See wildlife drawn to perennial springs in the Etosha pan
One of the oldest conservation sites in Africa, Etosha sustains a huge variety of mammals and birdlife including the endangered black rhino and rare gemsbok. Dominated by the extensive Etosha salt pan, predators and plains game here are attracted to the waterholes, creating particularly prolific wildlife viewing during the dry season (June to November).
Best time to visit Etosha
Between September and May is a great time to visit the Etosha National Park as temperatures are lower than their height of summer and the animals are seeking water. However, between October and April the Etosha Pan fills with birds and flocks of flamingos so is ideal for birders, but please bear in mind it can get very hot.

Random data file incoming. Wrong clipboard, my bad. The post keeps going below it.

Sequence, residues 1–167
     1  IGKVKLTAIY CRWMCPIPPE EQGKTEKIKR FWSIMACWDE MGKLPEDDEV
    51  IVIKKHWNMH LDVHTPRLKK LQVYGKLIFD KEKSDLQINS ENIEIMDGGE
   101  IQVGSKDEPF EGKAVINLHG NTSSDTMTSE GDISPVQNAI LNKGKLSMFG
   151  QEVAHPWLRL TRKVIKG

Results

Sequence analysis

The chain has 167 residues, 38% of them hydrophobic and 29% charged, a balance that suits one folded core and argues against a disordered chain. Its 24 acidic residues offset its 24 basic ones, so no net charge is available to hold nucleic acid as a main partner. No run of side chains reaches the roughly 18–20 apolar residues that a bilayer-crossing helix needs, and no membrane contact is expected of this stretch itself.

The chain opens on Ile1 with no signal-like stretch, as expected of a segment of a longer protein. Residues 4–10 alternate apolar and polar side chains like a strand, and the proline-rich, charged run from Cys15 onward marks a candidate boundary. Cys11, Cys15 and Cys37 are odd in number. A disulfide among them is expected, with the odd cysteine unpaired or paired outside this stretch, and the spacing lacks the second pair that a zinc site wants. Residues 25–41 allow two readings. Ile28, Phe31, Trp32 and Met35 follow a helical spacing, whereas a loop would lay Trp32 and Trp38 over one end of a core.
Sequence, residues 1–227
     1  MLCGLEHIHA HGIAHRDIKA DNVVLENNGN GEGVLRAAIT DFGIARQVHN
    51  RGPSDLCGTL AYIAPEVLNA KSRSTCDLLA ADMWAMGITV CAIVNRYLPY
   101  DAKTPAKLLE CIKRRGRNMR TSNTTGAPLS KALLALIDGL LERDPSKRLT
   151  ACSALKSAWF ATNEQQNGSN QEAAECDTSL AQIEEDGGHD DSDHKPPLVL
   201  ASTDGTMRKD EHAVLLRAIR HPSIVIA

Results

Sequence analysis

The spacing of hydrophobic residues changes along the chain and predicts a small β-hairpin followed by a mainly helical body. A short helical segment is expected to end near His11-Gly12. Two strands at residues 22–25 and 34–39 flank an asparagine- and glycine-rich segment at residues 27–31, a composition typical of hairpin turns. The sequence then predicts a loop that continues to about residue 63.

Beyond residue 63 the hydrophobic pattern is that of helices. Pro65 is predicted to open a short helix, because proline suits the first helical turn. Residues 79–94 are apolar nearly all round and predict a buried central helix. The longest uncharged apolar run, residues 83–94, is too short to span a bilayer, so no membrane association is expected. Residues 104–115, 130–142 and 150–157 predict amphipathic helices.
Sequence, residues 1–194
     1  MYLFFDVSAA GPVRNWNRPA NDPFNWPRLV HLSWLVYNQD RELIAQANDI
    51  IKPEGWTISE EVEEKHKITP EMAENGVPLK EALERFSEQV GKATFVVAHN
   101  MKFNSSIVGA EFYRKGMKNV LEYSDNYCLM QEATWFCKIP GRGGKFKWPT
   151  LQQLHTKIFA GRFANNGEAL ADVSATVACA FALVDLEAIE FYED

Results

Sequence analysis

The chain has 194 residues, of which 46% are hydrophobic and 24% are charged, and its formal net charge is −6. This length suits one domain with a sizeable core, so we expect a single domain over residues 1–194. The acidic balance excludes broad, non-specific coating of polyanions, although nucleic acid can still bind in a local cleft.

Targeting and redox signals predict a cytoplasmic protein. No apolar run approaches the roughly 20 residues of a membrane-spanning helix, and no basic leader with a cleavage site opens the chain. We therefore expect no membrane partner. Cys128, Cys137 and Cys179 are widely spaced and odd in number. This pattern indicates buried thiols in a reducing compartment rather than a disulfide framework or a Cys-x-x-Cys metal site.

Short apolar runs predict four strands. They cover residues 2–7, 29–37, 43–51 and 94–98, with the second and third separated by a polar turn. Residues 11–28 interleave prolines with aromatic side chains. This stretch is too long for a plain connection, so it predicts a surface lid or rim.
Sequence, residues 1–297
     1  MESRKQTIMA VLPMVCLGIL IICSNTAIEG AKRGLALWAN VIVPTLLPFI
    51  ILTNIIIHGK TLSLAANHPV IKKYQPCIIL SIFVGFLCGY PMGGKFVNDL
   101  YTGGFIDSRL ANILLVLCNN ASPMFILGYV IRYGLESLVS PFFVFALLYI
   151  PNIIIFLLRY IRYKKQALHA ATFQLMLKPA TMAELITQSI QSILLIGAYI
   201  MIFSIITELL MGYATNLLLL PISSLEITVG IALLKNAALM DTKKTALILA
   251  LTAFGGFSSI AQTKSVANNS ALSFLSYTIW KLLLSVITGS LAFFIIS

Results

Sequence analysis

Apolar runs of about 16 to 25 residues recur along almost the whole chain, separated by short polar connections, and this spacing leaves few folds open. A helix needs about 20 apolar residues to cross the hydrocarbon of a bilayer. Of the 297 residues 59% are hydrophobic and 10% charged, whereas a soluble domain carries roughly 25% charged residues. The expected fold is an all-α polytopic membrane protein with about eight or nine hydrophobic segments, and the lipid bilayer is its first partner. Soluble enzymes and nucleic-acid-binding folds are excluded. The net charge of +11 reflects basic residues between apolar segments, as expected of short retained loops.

Etosha holiday highlights
Located in the north of Namibia, Etosha National Park encompasses the mighty Etosha saltpan which makes up roughly a quarter of the area.
One of the oldest conservation sites in Africa, Etosha used to be the largest in the world. Nowadays it is much smaller, and dominated by the Etosha Pan. The pan itself is a vast white depression ringed with perennial springs that draw wildlife to this entrancing landscape. When it rains enough to start to fill the pan, the layer of blue-green algae that grows on it draws flocks of flamingos – a mass of pink birds against the white backdrop.
The park is also home to most of the Big Five, and instead of the missing buffalo you can see the endemic black-faced impala as well as cheetah and endangered black rhino. Its floodlit waterholes are especially good for game viewing during the drier months as wildlife is attracted to the water.